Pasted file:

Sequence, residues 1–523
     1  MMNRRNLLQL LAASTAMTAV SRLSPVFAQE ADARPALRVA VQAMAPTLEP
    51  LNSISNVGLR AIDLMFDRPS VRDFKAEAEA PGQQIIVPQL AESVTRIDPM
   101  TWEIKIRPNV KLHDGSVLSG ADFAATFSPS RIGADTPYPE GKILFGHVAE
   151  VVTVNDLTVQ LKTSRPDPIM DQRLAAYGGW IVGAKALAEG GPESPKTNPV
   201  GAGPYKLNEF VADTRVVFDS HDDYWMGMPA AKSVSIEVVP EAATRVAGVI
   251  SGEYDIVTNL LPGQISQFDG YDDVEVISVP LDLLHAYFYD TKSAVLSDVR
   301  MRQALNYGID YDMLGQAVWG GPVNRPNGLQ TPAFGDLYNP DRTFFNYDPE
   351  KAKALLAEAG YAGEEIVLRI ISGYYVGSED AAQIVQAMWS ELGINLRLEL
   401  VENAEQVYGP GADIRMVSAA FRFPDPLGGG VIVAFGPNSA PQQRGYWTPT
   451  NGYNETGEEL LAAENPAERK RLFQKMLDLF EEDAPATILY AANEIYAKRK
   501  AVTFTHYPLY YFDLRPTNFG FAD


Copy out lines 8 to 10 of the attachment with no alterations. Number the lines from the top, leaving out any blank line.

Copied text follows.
   301  MRQALNYGID YDMLGQAVWG GPVNRPNGLQ TPAFGDLYNP DRTFFNYDPE
   351  KAKALLAEAG YAGEEIVLRI ISGYYVGSED AAQIVQAMWS ELGINLRLEL
   401  VENAEQVYGP GADIRMVSAA FRFPDPLGGG VIVAFGPNSA PQQRGYWTPT